Is Aadhaar Bill a Money Bill?

Aadhaar Bill

Aadhar Bill

Finance Minister Arun Jaitley has been actively pushing for the passage of the Targeted Delivery of Financial and Other Subsidies, Benefits and Services Bill, also known as the Aadhaar Bill 2016, in both Houses of Parliament but has been facing strong opposition from other political parties.

The point of contention is whether the Aadhaar Bill should be classified as a Money Bill. The NDA Government seems to think so and has moved the Bill for passage in both the Upper and Lower House.

Money Bill or not – why should it matter?

The classification as a Money Bill matters to the government in power, as it enjoys a majority in the Lok Sabha but does not have the requisite numbers in Rajya Sabha to ensure a smooth passage.

As per the Constitution, a Money Bill is supposed to have provisions and pertain to all forms of taxes, appropriation of funds and any related financial provision.

Once a Money Bill has been taken up by the Lok Sabha it is then sent to Rajya Sabha where members can discuss the Bill and make suggestions for amendments. It must be noted here that the Rajya Sabha cannot stop or make any changes to the Bill, it can only make recommendations and send the Bill back to Lok Sabha.

It then remains the prerogative of the Speaker of the Lok Sabha to either accept the recommendations or ignore them and proceed with the passage of the Bill.

Therefore, under this provision in the Constitution, the NDA government has declared the Bill as a Money Bill and has sent the Bill to Rajya Sabha, where it does not enjoy the numbers to ensure smooth passage, and is therefore within its right to reject or ignore recommendations made by the Rajya Sabha. Lok Sabha had earlier passed the Aadhaar Bill on 16 March and the Speaker declared the Bill as a Money Bill and sent the same to Rajya Sabha.

If this were not a Money Bill, the same would have to be discussed in Rajya Sabha before going through a vote for passage. So, from a political standpoint, it was a smart move on part of the government to declare the Bill as a Money Bill.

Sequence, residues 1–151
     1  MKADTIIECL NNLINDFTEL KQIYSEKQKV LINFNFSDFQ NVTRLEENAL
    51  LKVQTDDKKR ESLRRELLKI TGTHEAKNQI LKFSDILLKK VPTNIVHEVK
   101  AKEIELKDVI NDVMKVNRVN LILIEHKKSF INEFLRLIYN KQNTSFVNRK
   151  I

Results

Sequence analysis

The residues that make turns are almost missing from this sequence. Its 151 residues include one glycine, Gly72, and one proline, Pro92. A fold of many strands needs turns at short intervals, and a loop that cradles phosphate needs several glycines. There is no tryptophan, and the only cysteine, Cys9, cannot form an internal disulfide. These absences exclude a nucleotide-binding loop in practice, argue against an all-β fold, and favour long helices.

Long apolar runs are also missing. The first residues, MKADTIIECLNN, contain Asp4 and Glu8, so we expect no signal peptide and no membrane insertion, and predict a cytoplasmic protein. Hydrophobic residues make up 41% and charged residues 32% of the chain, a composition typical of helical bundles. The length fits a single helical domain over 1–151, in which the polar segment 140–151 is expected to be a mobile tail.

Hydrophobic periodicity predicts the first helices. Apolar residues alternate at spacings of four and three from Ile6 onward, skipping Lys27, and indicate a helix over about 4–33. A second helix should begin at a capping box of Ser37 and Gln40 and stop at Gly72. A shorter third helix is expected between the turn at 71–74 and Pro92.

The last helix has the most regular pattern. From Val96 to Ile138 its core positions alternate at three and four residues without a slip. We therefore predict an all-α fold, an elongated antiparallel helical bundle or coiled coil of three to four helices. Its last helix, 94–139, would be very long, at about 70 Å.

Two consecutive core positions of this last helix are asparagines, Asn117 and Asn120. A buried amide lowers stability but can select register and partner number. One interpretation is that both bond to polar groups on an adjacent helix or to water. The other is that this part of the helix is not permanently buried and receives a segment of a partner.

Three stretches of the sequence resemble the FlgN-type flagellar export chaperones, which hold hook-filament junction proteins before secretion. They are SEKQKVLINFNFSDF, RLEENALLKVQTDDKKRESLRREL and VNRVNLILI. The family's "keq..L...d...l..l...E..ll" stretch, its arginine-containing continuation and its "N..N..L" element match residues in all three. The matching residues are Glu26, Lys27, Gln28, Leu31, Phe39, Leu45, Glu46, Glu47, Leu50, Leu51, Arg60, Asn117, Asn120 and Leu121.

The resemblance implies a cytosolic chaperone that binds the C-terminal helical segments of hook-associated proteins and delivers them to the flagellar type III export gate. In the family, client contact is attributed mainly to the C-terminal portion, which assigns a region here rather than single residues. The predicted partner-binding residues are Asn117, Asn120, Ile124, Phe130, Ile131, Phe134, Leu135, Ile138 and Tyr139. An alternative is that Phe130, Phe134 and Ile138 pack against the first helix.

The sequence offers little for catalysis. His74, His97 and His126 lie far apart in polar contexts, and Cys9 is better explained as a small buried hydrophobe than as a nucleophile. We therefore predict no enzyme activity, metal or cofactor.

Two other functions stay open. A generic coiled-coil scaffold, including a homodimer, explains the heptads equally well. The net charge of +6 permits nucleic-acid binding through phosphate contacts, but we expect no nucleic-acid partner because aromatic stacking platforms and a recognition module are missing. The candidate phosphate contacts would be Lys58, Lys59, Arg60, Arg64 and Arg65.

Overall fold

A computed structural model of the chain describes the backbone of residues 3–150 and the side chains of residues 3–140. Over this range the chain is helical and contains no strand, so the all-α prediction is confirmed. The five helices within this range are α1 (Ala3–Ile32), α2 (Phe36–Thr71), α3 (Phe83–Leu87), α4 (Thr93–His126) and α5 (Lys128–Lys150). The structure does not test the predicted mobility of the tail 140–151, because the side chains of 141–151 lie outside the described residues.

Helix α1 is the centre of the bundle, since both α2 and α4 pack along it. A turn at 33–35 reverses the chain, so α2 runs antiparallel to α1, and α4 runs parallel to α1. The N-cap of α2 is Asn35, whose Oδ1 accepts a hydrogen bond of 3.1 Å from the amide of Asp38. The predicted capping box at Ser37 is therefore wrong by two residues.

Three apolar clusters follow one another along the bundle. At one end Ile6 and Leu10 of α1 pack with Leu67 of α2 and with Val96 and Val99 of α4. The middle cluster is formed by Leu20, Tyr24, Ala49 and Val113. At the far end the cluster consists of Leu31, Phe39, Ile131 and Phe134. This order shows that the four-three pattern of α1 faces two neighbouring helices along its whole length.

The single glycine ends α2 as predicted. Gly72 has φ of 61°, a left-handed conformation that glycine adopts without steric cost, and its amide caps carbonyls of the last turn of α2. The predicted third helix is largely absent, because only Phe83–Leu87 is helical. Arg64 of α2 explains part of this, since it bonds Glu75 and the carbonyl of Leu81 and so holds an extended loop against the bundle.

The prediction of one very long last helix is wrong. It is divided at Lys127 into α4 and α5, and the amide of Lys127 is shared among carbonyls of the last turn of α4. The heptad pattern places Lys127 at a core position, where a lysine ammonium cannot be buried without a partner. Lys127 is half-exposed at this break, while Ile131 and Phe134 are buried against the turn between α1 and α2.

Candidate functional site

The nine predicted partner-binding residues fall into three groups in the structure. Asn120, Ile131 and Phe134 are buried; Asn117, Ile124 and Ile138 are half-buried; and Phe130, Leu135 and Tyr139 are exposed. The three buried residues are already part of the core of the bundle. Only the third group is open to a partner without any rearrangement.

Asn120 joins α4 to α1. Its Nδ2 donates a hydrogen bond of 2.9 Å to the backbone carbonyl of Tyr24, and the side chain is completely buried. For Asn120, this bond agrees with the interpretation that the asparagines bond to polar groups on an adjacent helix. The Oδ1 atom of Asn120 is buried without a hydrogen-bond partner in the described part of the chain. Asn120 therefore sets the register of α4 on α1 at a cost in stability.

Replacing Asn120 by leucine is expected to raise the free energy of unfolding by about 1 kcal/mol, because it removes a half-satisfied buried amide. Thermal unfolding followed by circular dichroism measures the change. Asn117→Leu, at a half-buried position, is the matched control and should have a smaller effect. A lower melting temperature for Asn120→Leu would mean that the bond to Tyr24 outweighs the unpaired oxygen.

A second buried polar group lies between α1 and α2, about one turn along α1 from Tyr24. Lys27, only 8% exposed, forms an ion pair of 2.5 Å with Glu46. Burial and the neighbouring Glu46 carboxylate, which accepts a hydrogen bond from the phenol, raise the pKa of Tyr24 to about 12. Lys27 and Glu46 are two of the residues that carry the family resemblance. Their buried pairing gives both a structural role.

The opposition, on their part, has been demanding a debate in Rajya Sabha and has been seeking amendments to several contentious provisions in the current Bill.

The Government’s position

FM Arun Jaitley has stated that the Aadhaar Bill 2016 is a Money Bill as it involves the direct delivery of subsidies and benefits to targeted individuals and has saved the central and state governments crores of rupees. He gave the example of LPG connections and how the central government was able to save Rs 15,000 crore through use of Aadhaar Card.

He also mentioned that the four states, which had taken up the pilot project for PDS delivery, had managed to save Rs. 2,300 crore. He reaffirmed the government’s focus on efficient delivery of money lying with the Consolidated Fund of India to targeted individuals that needed the subsidy. With all the above, the FM justified the government’s classification of the Aadhaar Bill as a Money Bill.

Why are political parties opposing the Bill?

The opposition led by Congress has been vociferous in its opposition to the Aadhaar Bill being classified as a Money Bill, besides opposing several provisions in the Bill.

The contention of the Congress, as also several other political parties like the Left and the BJD, is that classifying the Aadhaar Bill as a Money Bill is a violation of constitutional law. They are insisting that the Bill must be discussed in Rajya Sabha and must be put through vote.

Jairam Ramesh of the Congress has now filed a petition under Article 32 with the Supreme Court, stating there has been a violation of law by classifying Aadhaar Bill as a Money Bill.

He has also taken the position that since the case is now pending with the Supreme Court, the Parliament cannot legislate on the Bill, a point strongly contested by the Government. Former Finance Minister P. Chidambaram is representing Jairam Ramesh in arguing the case at the apex court.

The opposition has been raising several other concerns regarding provisions in the proposed Aadhaar Bill 2016. According to them, the Bill gives the government sweeping powers by using ‘national security’ clause as an excuse, which can lead to harassment of citizens. The opposition wants alternate terminology to be used like ‘public safety’ or ‘public emergency’, instead of ‘national security’.

The present Bill makes it mandatory for all citizens to have an Aadhaar Card. The Bill drafted earlier under UPA had made it voluntary, thus leaving it to citizens to decide whether they wished to avail the Aadhaar Card or not.

Another major concern was the collection of biometric and DNA details that could open up the possibility of misuse by vested interests. The Supreme Court will take up the appeal in July later this year.

Government’s response to concerns raised by opposition

The Finance Minister has stated that no information or personal data collected will be shared without the concerned individual’s consent. He further clarified that under no circumstances would an individual’s biometric information be shared, irrespective of the concerned individual consenting to it. He said that the government had made adequate provisions in the Bill to ensure highest priority be accorded in maintaining confidentiality of personal data.

Money Bill or not, Aadhaar Card is much needed

Irrespective of the outcome of the final judgment from the Supreme Court on whether the Bill is a Money Bill or not, it is widely accepted that the benefits of Aadhaar Card have already been demonstrated and almost all political parties are in agreement on this.

It is hoped that the Bill will soon be passed so that the much needed direct distribution of cash subsidies to those that need it most, can be taken up at the earliest.

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